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Government ‘bypasses’ union and contacts pilots individually

'He is trying to divide us' - Air Malta pilots

Alpa says Air Malta pilots would now be called to discuss and vote whether to accept or reject the government’s offer.

Alpa says Air Malta pilots would now be called to discuss and vote whether to accept or reject the government’s offer.

The government made a last-ditch attempt to encourage Air Malta cockpit crew to agree to a new five-year collective agreement by contacting pilots individually, bypassing their union, the Times of Malta was told.

In a move many pilots deemed “unethical”, Tourism Minister Konrad Mizzi on Tuesday sent a personalised letter to every Air Malta cockpit crew member telling them how they would benefit individually from the proposed new agreement, civil aviation industry sources said.

“The minister’s letter is a direct indication that he intends to divide and rule. Instead of negotiating with our union, he is trying to divide us. I think his tactics won’t work,” a senior Air Malta captain told this newspaper.

Read: Air Malta losses surge from €4m to €13m

A spokesman for Alpa, the pilots’ union, confirmed the minister chose to go directly to pilots individually instead of holding further talks with the union.

The pilots, he added, would now be called to discuss and vote whether to accept or reject the offer, stressing that Alpa is still not satisfied with what the government is offering.

The sources said that, in his individual proposals, which pilots who spoke to this newspaper said were “riddled with mistakes”, the government was striving to give the impression pilots would be getting a wage increase.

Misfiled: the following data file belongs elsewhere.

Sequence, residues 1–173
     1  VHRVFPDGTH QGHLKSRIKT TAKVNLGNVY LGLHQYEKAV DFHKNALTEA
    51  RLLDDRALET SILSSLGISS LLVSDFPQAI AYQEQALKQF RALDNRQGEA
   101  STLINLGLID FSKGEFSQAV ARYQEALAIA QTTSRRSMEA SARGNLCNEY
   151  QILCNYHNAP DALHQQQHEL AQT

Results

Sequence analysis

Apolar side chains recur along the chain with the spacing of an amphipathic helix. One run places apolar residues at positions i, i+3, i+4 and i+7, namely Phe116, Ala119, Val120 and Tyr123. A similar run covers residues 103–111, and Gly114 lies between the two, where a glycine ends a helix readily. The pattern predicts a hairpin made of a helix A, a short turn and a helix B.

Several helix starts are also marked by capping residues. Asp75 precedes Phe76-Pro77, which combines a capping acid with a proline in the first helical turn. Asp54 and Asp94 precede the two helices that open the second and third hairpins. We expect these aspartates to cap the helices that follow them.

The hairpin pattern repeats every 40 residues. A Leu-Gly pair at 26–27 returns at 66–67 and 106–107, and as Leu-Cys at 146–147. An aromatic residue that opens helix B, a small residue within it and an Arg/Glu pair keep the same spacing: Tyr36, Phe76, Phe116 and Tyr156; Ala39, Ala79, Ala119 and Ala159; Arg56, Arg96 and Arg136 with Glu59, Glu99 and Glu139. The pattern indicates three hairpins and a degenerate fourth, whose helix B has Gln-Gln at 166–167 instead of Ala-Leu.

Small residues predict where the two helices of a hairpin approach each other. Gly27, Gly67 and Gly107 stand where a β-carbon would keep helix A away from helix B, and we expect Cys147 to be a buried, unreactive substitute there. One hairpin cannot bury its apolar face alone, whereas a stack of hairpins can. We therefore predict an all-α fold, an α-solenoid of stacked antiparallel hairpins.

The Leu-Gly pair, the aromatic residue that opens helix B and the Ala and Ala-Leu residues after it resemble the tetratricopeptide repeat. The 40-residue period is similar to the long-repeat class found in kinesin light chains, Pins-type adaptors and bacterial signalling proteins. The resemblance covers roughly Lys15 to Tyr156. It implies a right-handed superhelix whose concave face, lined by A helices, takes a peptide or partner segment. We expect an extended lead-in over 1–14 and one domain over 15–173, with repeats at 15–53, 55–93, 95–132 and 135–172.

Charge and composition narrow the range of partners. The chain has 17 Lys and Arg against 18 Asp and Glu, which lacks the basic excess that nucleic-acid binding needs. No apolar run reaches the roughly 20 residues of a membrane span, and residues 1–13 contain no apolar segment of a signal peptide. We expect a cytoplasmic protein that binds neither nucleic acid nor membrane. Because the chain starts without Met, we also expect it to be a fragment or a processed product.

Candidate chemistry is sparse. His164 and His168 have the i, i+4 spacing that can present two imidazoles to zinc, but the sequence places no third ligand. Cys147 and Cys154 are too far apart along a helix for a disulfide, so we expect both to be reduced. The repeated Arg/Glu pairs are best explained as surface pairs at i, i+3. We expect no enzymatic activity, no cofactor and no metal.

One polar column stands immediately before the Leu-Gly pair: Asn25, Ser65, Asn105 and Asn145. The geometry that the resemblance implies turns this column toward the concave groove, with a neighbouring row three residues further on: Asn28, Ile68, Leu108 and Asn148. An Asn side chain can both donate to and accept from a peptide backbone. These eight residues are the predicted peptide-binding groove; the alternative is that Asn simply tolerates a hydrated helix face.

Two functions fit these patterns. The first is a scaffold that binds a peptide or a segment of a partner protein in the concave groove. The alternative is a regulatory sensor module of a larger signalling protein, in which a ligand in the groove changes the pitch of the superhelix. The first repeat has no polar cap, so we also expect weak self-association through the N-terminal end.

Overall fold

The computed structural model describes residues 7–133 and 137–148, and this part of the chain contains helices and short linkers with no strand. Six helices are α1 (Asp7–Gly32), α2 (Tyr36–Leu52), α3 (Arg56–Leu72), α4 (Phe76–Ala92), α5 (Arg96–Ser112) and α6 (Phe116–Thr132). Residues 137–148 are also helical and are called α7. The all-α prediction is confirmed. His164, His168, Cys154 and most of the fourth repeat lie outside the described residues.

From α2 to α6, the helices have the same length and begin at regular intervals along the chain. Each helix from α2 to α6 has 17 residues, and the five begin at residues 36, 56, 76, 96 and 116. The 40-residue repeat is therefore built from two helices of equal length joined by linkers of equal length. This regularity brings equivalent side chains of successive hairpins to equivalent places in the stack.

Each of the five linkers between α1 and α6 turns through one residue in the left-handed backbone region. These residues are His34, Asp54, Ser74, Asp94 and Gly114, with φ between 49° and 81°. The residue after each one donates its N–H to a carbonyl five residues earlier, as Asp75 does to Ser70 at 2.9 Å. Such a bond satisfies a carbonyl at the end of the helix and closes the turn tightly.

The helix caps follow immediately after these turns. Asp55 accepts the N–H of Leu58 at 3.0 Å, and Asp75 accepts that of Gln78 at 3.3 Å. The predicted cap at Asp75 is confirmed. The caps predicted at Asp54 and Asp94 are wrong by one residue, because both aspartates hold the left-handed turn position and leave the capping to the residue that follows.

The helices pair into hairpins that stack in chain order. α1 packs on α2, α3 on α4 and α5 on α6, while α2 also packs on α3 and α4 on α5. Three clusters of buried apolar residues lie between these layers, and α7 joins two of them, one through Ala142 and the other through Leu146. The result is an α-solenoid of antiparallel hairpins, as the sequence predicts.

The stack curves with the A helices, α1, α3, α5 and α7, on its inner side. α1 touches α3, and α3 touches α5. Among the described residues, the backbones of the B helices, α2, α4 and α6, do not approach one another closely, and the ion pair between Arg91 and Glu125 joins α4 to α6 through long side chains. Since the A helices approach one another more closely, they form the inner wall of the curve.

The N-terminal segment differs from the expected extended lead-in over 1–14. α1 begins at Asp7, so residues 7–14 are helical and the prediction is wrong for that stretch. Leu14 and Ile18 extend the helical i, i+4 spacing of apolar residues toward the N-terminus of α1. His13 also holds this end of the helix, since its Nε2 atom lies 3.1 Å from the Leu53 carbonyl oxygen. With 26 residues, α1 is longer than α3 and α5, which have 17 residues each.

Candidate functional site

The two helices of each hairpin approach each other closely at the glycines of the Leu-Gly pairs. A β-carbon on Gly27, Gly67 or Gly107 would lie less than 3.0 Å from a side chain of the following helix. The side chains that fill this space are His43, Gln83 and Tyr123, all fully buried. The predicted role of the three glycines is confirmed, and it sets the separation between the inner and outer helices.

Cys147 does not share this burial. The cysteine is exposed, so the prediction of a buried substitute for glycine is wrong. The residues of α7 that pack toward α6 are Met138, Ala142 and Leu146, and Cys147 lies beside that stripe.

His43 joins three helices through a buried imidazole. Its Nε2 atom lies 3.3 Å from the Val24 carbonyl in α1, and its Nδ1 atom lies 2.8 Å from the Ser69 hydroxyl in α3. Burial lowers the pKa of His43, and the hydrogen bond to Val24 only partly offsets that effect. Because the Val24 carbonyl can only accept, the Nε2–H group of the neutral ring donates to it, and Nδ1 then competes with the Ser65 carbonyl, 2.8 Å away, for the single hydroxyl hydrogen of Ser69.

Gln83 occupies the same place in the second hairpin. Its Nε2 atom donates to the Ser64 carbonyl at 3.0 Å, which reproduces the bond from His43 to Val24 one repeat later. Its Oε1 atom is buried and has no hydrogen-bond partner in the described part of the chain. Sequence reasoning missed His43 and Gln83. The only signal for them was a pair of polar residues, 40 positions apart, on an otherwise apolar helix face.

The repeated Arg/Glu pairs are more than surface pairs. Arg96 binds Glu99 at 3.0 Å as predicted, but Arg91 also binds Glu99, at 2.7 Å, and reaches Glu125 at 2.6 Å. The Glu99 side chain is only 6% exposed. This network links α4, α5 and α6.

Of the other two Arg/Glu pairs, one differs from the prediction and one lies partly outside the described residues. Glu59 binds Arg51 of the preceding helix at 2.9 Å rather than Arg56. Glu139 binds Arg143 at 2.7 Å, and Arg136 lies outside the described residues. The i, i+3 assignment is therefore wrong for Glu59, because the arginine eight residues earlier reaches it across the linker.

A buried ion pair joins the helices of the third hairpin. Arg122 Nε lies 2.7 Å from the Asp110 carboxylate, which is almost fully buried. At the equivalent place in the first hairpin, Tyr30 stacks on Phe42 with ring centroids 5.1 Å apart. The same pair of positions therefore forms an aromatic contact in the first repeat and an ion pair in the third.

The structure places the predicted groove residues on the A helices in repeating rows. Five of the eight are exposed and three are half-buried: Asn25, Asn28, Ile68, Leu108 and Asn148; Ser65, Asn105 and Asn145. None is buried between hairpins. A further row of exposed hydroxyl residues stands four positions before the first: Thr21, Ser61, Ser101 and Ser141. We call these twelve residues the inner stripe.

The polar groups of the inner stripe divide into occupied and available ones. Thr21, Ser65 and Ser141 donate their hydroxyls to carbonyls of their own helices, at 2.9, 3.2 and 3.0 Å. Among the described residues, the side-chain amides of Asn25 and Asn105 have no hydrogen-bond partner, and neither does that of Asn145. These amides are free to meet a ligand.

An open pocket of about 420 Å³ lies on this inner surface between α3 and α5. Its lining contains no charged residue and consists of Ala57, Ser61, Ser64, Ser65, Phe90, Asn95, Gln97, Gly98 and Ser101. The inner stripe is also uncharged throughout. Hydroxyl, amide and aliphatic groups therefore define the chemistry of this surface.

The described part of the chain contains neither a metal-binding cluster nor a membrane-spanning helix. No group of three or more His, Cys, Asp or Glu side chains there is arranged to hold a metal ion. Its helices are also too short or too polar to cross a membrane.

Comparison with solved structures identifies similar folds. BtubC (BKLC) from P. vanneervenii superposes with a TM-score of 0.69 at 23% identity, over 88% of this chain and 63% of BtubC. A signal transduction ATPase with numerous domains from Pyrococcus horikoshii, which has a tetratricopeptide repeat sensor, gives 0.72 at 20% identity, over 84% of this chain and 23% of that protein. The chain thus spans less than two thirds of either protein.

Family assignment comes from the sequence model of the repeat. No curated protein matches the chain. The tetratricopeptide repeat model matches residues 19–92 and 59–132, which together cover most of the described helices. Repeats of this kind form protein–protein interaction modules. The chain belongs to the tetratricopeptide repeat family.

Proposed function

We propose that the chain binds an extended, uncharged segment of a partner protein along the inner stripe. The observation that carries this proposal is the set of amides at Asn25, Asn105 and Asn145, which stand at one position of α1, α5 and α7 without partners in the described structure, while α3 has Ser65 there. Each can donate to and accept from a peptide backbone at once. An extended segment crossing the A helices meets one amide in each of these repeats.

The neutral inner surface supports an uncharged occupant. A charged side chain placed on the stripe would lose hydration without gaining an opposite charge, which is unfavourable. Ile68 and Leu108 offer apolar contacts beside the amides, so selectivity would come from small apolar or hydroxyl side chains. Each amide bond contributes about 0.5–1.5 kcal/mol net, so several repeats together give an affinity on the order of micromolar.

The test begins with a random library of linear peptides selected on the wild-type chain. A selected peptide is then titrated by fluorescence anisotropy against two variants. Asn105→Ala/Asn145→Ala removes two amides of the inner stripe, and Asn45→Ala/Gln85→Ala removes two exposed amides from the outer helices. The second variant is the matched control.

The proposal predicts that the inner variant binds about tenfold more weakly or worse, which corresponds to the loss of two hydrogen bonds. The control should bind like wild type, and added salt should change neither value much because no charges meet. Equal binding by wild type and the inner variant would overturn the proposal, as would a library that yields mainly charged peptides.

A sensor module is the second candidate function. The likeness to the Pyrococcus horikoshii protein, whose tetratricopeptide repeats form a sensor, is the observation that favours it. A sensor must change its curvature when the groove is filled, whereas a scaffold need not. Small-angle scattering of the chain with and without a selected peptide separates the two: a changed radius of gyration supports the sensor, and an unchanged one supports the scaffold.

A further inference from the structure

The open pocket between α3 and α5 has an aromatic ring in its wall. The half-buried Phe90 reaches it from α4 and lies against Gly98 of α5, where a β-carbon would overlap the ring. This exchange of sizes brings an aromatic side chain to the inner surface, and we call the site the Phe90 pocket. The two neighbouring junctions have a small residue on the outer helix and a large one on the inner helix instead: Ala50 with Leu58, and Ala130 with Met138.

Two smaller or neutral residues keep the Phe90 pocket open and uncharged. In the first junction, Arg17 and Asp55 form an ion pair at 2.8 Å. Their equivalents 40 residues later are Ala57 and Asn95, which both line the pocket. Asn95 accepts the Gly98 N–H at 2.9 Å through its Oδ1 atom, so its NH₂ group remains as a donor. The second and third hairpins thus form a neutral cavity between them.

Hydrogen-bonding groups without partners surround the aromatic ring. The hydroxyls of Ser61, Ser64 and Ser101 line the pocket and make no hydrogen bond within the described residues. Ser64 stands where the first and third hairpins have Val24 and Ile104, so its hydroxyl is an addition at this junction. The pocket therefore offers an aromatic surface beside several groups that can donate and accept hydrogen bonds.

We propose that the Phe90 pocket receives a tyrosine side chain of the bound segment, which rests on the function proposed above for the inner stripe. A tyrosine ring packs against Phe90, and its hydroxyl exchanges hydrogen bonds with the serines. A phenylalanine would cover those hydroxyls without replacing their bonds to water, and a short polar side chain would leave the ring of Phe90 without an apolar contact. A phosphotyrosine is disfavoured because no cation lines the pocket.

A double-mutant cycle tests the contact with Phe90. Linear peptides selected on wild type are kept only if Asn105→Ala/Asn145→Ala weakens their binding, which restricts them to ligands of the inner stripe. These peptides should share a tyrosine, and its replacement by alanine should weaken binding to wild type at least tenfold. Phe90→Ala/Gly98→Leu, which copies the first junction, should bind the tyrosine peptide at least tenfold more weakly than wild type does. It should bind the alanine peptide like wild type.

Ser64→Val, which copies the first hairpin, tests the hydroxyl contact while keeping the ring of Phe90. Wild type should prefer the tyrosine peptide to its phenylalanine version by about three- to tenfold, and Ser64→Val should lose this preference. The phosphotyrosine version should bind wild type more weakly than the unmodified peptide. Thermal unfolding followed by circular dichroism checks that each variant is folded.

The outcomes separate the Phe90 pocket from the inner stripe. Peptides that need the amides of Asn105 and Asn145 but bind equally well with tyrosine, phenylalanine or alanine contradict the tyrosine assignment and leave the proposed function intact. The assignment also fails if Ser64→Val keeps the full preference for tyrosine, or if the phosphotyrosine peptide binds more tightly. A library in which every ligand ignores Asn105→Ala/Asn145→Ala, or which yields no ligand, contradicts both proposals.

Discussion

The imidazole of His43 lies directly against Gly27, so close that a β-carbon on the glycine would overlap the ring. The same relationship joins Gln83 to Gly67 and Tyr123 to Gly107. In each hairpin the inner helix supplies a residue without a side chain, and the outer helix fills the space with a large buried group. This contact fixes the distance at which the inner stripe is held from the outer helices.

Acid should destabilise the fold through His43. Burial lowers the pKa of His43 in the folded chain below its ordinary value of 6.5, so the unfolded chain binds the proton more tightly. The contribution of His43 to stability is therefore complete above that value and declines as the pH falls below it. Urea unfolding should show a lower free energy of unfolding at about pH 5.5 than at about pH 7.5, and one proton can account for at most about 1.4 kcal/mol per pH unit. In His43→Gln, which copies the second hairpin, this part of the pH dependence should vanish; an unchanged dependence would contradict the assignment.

“In reality, there are no increases, since pilots will have to work much more to earn what the minister is saying,” a first officer said.

So far, the government is refusing to give any details of the airline’s offer.

An attempt to break the deadlock with pilots a few weeks ago was scrapped following objections by the Finance Ministry. Tourism Ministry officials sought approval to offer pilots tax-free status on part of their salaries on the grounds that they would be ‘working’ in international territory. However, the Finance Ministry pointed out that what was proposed would be illegal.

Alpa was harshly criticised during the signing of a new collective agreement for Air Malta staff with the GWU on Tuesday.

Read: Air Malta inches closer to staff deal

Dr Mizzi said the government would not be making further offers to pilots, insisting the company had reached its limits, and President Emeritus George Abela, who was entrusted by the government to conduct the negotiations, indicated that pilots had asked for much more than they got.

“I will not say what they originally asked for as long as they agree,” he said.

Air Malta is trying to get its house in order after years of heavy losses. According to government plans, it had to break even in March 2017 but instead ended with a loss of €13 million.

Dr Mizzi, who assumed political responsibility for Air Malta after the June election, says it will break even by next March.

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